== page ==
The human brain craves novelty. It’s how we are wired. It is the reason we can notice changes in our environment and why we get a rush buying something new. Ever changed your hair color? Novelty. Felt a surge of excitement visiting a new city? Novelty.
During the summer of 2017, my husband and I traveled to Italy to check the #1 item off my bucket list- Venice. The moment I stepped out of the train station and onto the Grand Canal, I was in total awe. Nothing could have smacked the smile off my face. Me. In Venice. On the Grand Canal. It was an amazing moment.
Four days later, I’m living that moment in reverse. Four days of getting lost in windy alleys and seeing countless canals. Four days of watching copious amounts of people taking even more copious amounts of selfies. The magic was not as strong as it was. Venice had lost a bit of its novelty.
The human brain & novelty
Our brains have a region in the midbrain called the substantia nigra/ventral segmental area (SN/VTA). It’s the part of the brain that responds to novel or new stimuli. Research conducted with animals has found that when the brain interprets something that is novel, it releases dopamine (dopamine is a neurotransmitter that is the “feel good” hormone associated with bliss, enjoyment, and concentration).
The researchers discovered that the release of dopamine as an effect of seeing something novel motivated the brain to want to discover more novel things. In other words, seeing or experiencing something new excites our brains and motivates us to seek out more new things. Novelty can help us learn new material and keep us interested in hobbies we have just begun.
Novelty ignites our senses and piques our interest. It excites our brains.
Novelty is natural
Spend 5 minutes with a toddler and you will see that novelty is a high priority. They are into everything! They are curious about the world around them and thus, constantly seek out new information.
Kids crave novelty. How do I know? Because if you spend too many days in a row at home, they become mischievous! They begin getting into things they shouldn’t and climbing on things they aren’t supposed to be scaling.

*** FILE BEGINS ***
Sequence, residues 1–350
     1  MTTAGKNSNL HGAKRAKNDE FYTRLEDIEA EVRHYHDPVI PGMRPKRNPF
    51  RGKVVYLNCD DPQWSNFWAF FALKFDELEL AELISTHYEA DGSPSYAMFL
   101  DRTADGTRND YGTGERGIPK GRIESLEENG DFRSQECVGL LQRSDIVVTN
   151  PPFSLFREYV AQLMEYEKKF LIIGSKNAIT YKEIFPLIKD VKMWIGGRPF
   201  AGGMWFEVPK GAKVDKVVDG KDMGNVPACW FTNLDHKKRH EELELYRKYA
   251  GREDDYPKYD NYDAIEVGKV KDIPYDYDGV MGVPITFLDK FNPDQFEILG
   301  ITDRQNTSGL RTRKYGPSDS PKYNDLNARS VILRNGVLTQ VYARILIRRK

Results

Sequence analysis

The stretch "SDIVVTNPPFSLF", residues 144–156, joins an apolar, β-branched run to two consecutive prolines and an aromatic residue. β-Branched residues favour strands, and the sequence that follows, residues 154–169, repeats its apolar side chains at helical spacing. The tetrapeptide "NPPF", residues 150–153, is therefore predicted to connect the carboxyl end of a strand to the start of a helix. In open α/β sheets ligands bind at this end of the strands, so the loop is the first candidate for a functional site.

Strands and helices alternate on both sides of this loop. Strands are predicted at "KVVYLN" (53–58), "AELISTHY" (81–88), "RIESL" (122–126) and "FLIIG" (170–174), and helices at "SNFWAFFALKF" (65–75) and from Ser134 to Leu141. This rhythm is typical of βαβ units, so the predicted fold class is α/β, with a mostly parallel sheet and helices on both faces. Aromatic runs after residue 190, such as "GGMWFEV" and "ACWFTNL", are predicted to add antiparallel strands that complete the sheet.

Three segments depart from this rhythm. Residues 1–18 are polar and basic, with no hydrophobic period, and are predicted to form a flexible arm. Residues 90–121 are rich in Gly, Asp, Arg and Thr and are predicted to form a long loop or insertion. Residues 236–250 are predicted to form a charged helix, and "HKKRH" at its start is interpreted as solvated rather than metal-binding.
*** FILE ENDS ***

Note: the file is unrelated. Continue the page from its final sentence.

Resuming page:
No, your kiddos haven’t morphed into terrible children. They are simply creating their own novelty. He is seeking new things to spark excitement in his brain. She is looking to engage in something interesting.
Introduce some novelty to your day
As mamas, we can use this knowledge to our advantage. When your kiddos are into everything, take a break from the norm and introduce some novelty. It doesn’t have to cost money or take a lot of time. You don’t need a lot of supplies on hand or a lengthy Pinterest tutorial. There are many easy ways you can deviate from the norm of your daily routine.
- Go on a walk outside for a change of scenery
- Visit a friend for a playdate.
- Go grocery shopping
- Visit a new park and play on the playground
- Bake some cookies from scratch
- Create a new game or dig out an old favorite
- Teach your kids a new skill or hobby
- Take a bike ride around the neighborhood
- Swap out some toys. They will be more interested if it’s been a while since they have seen them
- Turn on some music and dance
- Switch up the location you do something usual (i.e. read a book outside instead of in the living room)
- Make a new recipe for lunch
- Visit a local nature center or go for a hike in the woods
- Check out some new books at the library or enjoy one of their free programs
- Find a free workshop and build something cool at your local hardware store
Use novelty to boost your mood & improve your day
You get bored doing the same thing day in and day out. So do your kids. Try one some of the suggestions above and introduce a little novelty into your day today. I guarantee it will make both of and your kiddos a little more energetic.
What do you think? How have you used novelty to your advantage?